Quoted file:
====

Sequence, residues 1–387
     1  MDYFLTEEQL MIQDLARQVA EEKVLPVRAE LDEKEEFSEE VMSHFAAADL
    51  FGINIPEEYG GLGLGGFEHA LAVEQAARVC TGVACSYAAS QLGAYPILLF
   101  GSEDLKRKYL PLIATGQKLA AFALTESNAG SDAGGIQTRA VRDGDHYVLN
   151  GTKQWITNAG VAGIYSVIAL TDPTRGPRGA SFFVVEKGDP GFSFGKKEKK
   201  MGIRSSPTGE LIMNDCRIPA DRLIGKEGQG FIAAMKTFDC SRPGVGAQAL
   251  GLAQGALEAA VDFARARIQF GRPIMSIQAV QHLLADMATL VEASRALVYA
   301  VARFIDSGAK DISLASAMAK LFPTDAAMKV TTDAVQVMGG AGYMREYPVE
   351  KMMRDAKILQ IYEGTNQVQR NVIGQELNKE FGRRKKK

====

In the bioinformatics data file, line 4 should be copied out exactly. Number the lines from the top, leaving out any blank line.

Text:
   101  GSEDLKRKYL PLIATGQKLA AFALTESNAG SDAGGIQTRA VRDGDHYVLN